The lyrics to ‘The Other Side of Life’ would later be the first printed in Sylvian’s career retrospective, Hypergraphia. The initial instalment in ‘Step One’, as the book styles it, hints that whilst ‘Ghosts’ has been oft mentioned as the first of Sylvian’s lyrics that he felt satisfied with, there was something he found of particular value in the words to this song. I love the way that, from the very first line, we are propelled into a situation laden with history and mystery. ‘It’s been a long time/How should I feel?/What can I say?’ leaves us intrigued as to what has gone before. And who is the mysterious subject of the song? ‘With fantastic stories/You present yourself/in different ways’ leaves plenty of room for the imagination.

We’ve travelled so far now
Then we were young
Hard to impress

Now everything releases into life for the chorus, the orchestra in full flow and Dean adding a delightfully thick lead sound which launches off from ‘and goes’ and ‘sheltering only’, ascending with the listener’s spirits. It’s interspersed with a sumptuous rhythmic riff that follows on from the song’s title; vocal and guitar working in perfect harmony.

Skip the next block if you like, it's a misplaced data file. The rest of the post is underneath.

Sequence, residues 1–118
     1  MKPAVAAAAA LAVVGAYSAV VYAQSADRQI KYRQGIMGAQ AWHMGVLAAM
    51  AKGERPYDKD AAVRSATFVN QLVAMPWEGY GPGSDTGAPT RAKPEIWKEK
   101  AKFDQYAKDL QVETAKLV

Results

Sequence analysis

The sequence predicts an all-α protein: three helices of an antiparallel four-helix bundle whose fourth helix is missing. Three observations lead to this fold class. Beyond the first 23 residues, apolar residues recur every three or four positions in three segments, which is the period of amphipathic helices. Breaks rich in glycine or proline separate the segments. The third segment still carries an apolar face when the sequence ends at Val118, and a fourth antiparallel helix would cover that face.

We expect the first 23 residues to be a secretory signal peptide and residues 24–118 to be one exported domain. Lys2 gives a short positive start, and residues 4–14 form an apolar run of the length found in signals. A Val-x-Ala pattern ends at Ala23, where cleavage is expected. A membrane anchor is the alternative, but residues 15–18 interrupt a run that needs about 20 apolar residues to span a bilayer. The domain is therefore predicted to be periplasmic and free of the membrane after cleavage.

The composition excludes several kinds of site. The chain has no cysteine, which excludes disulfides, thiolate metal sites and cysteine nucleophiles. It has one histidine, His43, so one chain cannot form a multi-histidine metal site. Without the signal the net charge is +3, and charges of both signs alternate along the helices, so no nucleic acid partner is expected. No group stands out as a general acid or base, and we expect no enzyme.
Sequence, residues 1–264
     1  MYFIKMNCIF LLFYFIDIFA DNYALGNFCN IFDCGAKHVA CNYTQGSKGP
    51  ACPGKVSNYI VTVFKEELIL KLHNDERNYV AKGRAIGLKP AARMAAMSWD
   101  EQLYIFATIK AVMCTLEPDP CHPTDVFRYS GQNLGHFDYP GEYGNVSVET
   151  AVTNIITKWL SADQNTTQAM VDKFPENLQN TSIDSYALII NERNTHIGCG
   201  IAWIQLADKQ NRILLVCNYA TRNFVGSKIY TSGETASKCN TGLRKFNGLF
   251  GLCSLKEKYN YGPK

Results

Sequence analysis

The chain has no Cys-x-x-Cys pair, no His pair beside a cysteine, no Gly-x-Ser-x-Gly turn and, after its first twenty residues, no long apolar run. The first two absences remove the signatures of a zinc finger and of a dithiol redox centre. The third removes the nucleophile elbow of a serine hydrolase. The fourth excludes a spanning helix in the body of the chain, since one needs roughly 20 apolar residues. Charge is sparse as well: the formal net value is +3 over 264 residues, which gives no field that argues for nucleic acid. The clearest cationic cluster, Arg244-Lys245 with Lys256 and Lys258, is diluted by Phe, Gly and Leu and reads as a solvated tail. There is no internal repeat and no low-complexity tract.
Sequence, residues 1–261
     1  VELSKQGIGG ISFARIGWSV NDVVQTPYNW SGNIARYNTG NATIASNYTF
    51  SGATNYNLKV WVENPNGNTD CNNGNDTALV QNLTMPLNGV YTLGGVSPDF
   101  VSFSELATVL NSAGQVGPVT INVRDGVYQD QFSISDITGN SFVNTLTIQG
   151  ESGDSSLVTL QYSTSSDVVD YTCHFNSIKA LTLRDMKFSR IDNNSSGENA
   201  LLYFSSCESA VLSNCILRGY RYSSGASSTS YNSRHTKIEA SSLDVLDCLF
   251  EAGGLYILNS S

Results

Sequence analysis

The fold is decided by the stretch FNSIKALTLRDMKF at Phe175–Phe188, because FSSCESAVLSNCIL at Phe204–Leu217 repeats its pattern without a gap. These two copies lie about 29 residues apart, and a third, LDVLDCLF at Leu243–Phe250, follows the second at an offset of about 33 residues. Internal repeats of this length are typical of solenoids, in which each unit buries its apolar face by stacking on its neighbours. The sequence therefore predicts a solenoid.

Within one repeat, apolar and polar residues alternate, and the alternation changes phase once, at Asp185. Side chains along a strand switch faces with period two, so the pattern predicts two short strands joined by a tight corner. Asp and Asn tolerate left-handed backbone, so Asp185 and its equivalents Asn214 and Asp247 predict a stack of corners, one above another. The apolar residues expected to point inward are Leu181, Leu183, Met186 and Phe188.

But she comes and goes
The other side of life
Sheltering only the other side of life

A piano run brings everything back down, Karn’s bass emerging with a virtuoso line accompanied by the orchestra and Jansen’s restrained rhythmic perfection.

These single occasions
We seem to share
Stumble and fall

Describing the piano parts on this track and the earlier ‘Despair’, Richard Barbieri said, ‘Those parts are pretty simple. Neither David nor I were particularly proficient on the piano at the time. You can do multiple takes and divide up the bass notes, chords and melody into separate overdubs.’

Jansen executes a drum part that is full of variation, adding so much more than merely marking out time. ‘I would have created most parts during the writing/rehearsing stage of the songs,’ he said, ‘but once set up in the studio, and on hearing the kit balanced through the headphones…that would sometimes spark some new ideas on the day. Usually I had to play for a good hour or two while the sound was being worked on so that was a chance to make last minute improvements.’